Once on I-66 heading towards the Beltway, I felt more comfortable but still like I had swallowed a hive of pissed off wasps. I merged left onto I-270 north, REO Speedwagon’s “Time for Me to Fly” playing on the radio:

Time for me to fly
Oh, I’ve got to set myself free
And that’s just how it’s got to be
I know it hurts to say goodbye
But it’s time for me to fly

My home of 25 years faded in the rear view camera on Pegasus’s ample beige dash.

Fast forward three years to May 2016. What has happened in those 36 months? A lot.

  • Several family members died: Mom, August, Dawn, Carol, and Sue (“Dear Sue”).
  • I became a great aunt twice.
  • I discovered that living full-time in a motorhome isn’t a mode of transportation, it’s a lifestyle.
  • I’m not a tourist — never have been — just ask my sister Cathy about my five minutes in St. Peter’s Basilica.
  • I learned with the help of the husband of fellow yoga teacher trainee Parul, that “home” (“When I think of home”) isn’t about where the best weather is — it’s about relationships. Yes, I am a bit slow at times.

Which brings me back to Deming, New Mexico. I have friends here, the area is familiar, and there’s wine and margaritas.  I’m OK here.

And when it’s time to leave, I’ll be OK there too.

And OK is good.

It’s all part of the journey.

Journey on Dear Reader.

Rainbow bound

rainbow

I’ve been in Deming, New Mexico for two weeks now reconnecting with old friends over margaritas, teaching and practicing yoga, working, cleaning, and writing.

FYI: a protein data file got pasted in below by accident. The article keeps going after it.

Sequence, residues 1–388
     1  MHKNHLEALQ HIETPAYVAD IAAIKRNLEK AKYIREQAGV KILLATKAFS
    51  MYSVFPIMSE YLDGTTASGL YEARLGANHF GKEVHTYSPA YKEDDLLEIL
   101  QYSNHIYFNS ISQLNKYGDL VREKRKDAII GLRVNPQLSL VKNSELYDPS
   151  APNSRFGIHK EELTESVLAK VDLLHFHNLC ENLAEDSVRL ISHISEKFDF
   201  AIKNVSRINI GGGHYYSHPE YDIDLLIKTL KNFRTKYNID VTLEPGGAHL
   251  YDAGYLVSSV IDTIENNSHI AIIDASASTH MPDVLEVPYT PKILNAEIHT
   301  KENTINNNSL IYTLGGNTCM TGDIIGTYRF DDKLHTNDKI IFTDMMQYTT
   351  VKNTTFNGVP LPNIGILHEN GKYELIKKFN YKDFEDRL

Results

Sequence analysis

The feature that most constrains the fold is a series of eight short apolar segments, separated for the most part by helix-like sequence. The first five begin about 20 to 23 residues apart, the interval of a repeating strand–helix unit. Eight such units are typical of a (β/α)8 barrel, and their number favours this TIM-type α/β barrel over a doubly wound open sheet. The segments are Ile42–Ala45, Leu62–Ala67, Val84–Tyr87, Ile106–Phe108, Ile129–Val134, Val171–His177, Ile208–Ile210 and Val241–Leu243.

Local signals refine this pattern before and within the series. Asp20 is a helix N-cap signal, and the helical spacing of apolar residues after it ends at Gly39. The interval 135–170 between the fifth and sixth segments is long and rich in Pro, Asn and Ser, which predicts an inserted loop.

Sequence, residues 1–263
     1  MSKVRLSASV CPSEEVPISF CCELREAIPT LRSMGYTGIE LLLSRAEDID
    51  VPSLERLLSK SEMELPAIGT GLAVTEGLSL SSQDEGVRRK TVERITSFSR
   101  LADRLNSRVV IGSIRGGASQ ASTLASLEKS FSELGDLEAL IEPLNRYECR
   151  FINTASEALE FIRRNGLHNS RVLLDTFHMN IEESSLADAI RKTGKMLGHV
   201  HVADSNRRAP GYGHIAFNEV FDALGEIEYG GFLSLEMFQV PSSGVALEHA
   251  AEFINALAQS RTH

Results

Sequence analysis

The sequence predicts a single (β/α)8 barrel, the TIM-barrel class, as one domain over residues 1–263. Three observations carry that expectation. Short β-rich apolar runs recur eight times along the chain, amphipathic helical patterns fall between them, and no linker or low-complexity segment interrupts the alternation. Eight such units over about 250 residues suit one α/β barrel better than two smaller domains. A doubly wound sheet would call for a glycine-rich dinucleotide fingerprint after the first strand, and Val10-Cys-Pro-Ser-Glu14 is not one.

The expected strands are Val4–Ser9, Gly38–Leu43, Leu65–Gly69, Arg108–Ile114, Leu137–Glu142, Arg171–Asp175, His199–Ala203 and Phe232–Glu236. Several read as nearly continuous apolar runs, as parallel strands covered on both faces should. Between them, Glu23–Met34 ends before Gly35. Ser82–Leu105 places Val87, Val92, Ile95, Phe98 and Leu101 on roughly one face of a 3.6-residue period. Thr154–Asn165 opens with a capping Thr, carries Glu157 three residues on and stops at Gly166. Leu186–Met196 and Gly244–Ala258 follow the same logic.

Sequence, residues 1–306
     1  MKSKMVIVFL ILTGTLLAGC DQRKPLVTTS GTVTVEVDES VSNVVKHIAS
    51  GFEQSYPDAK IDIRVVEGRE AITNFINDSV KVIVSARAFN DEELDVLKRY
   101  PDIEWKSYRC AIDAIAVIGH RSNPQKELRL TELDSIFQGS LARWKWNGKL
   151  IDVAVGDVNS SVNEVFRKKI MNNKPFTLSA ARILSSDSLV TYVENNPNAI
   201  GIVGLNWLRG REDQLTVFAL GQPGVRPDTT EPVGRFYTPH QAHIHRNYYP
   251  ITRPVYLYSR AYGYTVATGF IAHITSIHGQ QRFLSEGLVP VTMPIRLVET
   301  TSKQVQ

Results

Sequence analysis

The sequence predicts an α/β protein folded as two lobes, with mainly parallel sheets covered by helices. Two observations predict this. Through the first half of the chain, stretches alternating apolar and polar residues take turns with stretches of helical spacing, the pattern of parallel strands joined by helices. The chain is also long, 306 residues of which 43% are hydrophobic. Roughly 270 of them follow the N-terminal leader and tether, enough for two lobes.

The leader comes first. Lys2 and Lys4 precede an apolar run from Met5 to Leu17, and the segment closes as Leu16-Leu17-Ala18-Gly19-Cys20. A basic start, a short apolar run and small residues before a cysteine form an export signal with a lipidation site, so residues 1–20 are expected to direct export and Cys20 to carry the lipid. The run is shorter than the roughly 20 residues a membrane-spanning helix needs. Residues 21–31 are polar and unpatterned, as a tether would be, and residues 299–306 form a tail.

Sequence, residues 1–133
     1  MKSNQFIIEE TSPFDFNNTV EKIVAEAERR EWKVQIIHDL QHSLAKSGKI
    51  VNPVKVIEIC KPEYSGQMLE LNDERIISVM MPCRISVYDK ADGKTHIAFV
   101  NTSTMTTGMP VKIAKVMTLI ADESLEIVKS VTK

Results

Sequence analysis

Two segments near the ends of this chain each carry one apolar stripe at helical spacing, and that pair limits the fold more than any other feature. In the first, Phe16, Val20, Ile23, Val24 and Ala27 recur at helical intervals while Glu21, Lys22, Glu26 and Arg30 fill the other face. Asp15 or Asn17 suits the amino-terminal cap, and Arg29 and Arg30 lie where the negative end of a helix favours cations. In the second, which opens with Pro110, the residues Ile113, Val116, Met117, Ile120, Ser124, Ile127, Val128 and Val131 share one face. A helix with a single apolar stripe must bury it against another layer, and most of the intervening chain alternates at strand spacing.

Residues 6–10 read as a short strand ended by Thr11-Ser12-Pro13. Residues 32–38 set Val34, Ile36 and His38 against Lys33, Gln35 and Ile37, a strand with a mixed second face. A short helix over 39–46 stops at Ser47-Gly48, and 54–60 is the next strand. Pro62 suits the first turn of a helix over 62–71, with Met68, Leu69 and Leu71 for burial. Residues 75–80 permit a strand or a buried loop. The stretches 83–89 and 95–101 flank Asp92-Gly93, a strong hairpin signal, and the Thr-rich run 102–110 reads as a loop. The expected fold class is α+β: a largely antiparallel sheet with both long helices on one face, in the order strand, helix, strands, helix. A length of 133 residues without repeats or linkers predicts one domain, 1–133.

I teach yoga on Wednesdays and Saturdays to a dedicated quartet; designed and launched the LoW-HI RV Ranch website; and spring cleaned.  Roan, the carpet, couch, two chairs, and car got much-needed scrubbings.  My teeth are next in line; a cleaning in Palomas, Mexico costs $35.

And I sold a few items: a too-big-for-my-hands acoustic guitar and a too-big-for-my-coach 45” Visio TV I’ve been hauling around. I still want to sing so a small keyboard may be in my future.  Anyone in the market for a gently-used red Kenmore Progressive canister HEPA Vacuum?

I started Writing the Memoir 101, an online workshop through Writer’s Digest University. I wrote 53,563 words of a very rough first draft during National Novel Writing Month (“NaNoWriMo”) in November 2014. But the words are disjointed, the structure nebulous, the theme nonexistent. The assignments and deadlines will force me to focus.

Assignment 1: A narrative summary of the memoir you want to write, including its scope, its structure, its tone, its audience, its theme, why you want to write it, why now, and what your plans are for the book when it’s completed (500 words).

Assignment 2: The Cast of Characters for your story, with a brief description of each one’s relationship to the central character and role in the story (maximum 500 words); a brief scene that reveals your memoir’s setting (500 words).

And I’m waiting to take Pegasus back to the shop — two shops to be exact. Jimmy’s RV Repair on May 10 to address a short list of miscellaneous repairs that shouldn’t be too costly or involved. Then, E & M Auto Repair on May 16 to fix what’s causing the engine to overheat and to repair the cracked exhaust manifolds.

Summer in Deming where daytime temperatures spike into the upper 90s does not appeal. But where to go when you have no place to be? I sent an email to a few full-time RVing friends who would know:

I’m looking for someplace to spend the next several months. The ideal place would be inexpensive, in a rural area but close enough to stores, and in a temperate climate.

Beverley urged me to head up:

No matter where you go, this is supposed to be a hot summer. Going UP in altitude is your best bet, or head for the Pacific Northwest and get on the beach or near the beach.